BC: And a challenging market for trade shows in the technology sector. It’s a double-whammy. I’ve been producing conferences and trade shows for 21 years now. Because I own my own company, the events I do I produce myself. Therefore, with that experience behind me, I know how to do it. As challenging as it is — and it is challenging — I know the questions to ask and how to evaluate the responses I get.
ITB: How do you reassure marketers that they’ll get the kind of qualified audience they’re looking for?
BC: That’s my job as the show producer. I have to understand the market and what their expectations are. If I can meet those expectations, I can create a win-win situation for the visitors who are looking for information or are in the top end of the buying cycle, or for my exhibitors that are trying to target a particular group of individuals. It’s my job to understand who they want to see.
ITB: A lot of people, though, have complained about trade shows filled with people who aren’t really there to buy, or kids. How do you manage that?
BC: We have very strict policies. We publish that you have to be 19 or over. We do not permit children. We do not permit infants. We do not permit strollers. We don’t make an exception for anyone, even the exhibitors. We let them know in advance, and we don’t permit students, at any age. If they register as a student, we politely tell them that it’s not a student event. Students that appear in our show are actually from our volunteers that help us out on the conference. But it’s a business-to-business event. We only operate during business hours, and there the audience gets qualified because of our focused marketing to a particular sector. The message we send out in this case is about Linux, and therefore anyone going to the show isn’t going to wonder what they’re going to see. Our brand says what we do, and in our case that’s very important.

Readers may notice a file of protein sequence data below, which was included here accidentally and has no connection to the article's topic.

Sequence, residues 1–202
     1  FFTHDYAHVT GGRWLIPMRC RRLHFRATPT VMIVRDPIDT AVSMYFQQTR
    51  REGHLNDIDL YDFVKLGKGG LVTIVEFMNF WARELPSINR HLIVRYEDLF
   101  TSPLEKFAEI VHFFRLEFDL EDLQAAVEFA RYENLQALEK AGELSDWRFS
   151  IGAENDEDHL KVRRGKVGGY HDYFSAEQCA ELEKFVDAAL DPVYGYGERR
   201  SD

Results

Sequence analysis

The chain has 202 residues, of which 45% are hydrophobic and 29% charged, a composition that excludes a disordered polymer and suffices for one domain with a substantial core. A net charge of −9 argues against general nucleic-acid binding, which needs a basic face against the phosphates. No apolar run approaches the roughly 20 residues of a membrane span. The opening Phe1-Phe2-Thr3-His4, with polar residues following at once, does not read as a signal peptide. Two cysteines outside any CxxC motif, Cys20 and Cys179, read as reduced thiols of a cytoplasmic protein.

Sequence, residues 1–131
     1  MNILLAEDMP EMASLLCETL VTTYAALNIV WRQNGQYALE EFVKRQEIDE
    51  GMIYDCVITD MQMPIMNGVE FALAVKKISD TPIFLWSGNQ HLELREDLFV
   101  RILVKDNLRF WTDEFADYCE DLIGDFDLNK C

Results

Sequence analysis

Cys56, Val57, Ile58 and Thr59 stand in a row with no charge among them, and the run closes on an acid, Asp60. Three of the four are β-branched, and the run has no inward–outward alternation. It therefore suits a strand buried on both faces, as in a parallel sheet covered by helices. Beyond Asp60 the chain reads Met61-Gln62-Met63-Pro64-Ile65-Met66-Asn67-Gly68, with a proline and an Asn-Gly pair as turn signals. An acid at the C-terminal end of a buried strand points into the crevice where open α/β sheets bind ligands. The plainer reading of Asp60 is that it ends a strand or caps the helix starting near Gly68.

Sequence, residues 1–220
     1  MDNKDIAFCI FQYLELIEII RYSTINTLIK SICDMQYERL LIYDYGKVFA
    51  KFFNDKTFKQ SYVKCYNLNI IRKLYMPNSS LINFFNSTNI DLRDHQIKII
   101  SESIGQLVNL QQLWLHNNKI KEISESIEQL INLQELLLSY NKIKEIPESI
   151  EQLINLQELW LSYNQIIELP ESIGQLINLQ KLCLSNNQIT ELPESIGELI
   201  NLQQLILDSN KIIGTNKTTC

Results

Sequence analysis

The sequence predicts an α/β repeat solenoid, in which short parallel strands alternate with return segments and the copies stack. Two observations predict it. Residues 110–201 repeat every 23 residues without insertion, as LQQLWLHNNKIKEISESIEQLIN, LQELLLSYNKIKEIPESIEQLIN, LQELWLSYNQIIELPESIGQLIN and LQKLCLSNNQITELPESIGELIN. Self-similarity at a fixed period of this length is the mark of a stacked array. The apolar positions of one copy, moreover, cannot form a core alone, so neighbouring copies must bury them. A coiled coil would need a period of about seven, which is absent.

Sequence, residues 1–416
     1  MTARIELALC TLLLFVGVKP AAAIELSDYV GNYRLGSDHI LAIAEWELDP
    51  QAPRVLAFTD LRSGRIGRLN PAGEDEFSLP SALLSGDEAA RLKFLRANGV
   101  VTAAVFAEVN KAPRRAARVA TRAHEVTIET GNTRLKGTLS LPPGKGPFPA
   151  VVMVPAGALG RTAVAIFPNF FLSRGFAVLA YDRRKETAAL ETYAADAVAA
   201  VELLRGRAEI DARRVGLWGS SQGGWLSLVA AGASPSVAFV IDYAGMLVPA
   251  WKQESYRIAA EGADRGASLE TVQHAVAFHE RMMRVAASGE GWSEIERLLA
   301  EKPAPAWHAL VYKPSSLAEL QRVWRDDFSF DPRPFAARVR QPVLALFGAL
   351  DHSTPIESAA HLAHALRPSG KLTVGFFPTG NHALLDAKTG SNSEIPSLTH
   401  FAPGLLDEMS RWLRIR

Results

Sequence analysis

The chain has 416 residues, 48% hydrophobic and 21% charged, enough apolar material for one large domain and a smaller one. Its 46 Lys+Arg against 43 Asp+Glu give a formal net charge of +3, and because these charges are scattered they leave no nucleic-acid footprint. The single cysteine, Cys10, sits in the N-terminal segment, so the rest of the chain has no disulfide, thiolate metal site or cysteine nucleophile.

ITB: Some trade shows have moved away from a focus on the exhibit hall to the educational tracks. How are you managing that issue?
BC: I’m a firm believer in what I call adult education. From the very first event that I produced, it had a very heavy conference orientation. Part of my purpose in creating these events is to provide a very strong educational component. If you look at our event, it’s a very qualified educational experience as much as it is a show.